Snapped this photo of the construction at the Tom Bradley…
No one looks forward to eating airplane food. Even if you’re traveling in first class, it’s still not going to be the same quality that you would find at an earthbound restaurant serving the same dishes, though it is always considerably better than the meager offerings that you’ll find in the back of the plane. It turns out that one of the reasons that airplane food tastes so bad is that it is being eaten in an airplane flying at high altitude. A study by Lufthansa Airlines revealed that “dry air and pressure change in an airplane cabin reduce passengers’ perceptions of sweet and salty flavors by about 30 percent.” The effect of being in a plane is similar to having a cold with a stuffy nose, and everything tastes more muted. That means that liberally spiced and seasoned food eaten at ground level may taste much less assertive when eaten at 35,000 ft. It also means that bad to mediocre food is going to taste significantly worse while you’re in flight.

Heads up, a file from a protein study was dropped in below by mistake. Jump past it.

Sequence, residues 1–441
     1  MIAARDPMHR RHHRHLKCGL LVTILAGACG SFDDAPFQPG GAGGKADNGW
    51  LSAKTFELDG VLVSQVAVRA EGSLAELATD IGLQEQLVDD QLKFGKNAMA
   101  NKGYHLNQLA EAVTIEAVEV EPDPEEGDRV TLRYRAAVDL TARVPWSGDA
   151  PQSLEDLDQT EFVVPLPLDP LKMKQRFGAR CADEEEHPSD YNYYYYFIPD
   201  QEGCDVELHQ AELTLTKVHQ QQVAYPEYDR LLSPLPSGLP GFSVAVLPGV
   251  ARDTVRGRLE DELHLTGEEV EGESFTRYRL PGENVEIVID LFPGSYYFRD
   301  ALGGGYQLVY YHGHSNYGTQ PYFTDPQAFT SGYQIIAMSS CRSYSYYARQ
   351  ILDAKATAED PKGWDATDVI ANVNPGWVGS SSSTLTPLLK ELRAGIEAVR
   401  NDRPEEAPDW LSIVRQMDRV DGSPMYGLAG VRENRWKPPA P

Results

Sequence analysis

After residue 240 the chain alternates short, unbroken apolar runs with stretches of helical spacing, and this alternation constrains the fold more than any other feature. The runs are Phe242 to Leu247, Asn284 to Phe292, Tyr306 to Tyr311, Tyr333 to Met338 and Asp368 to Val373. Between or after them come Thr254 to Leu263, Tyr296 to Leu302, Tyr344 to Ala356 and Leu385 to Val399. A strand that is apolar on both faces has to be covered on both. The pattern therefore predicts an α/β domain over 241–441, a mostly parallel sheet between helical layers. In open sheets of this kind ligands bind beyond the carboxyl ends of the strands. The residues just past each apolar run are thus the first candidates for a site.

The science behind this study is like accurate, but it could easily be looked at as an excuse for why airline food tastes so bad. Packaged food eaten on airlines – take the Haagen-Dazs ice cream we had on Air France, for instance – still tastes very good. Does it taste quite as good as a similar product on the ground? It’s hard to say for sure, but you can bet that no one is pushing away containers of high quality ice cream or salty chips and saying that they taste funny.
This also reminds us of some of the best airplane food we’ve had, traveling to and from South Korea on Singapore Airlines (pi, when we were served dishes that were spicy and generously seasoned with kimchi and peppers. We’ve had some satisfactory curry sauces on airplanes, too, believe it or not. Adding a lot of spice help wake up your pressurized tastebuds. Leaving food bland and boring only handicaps it, so it has no chance of bring anything more than something to push around your plate.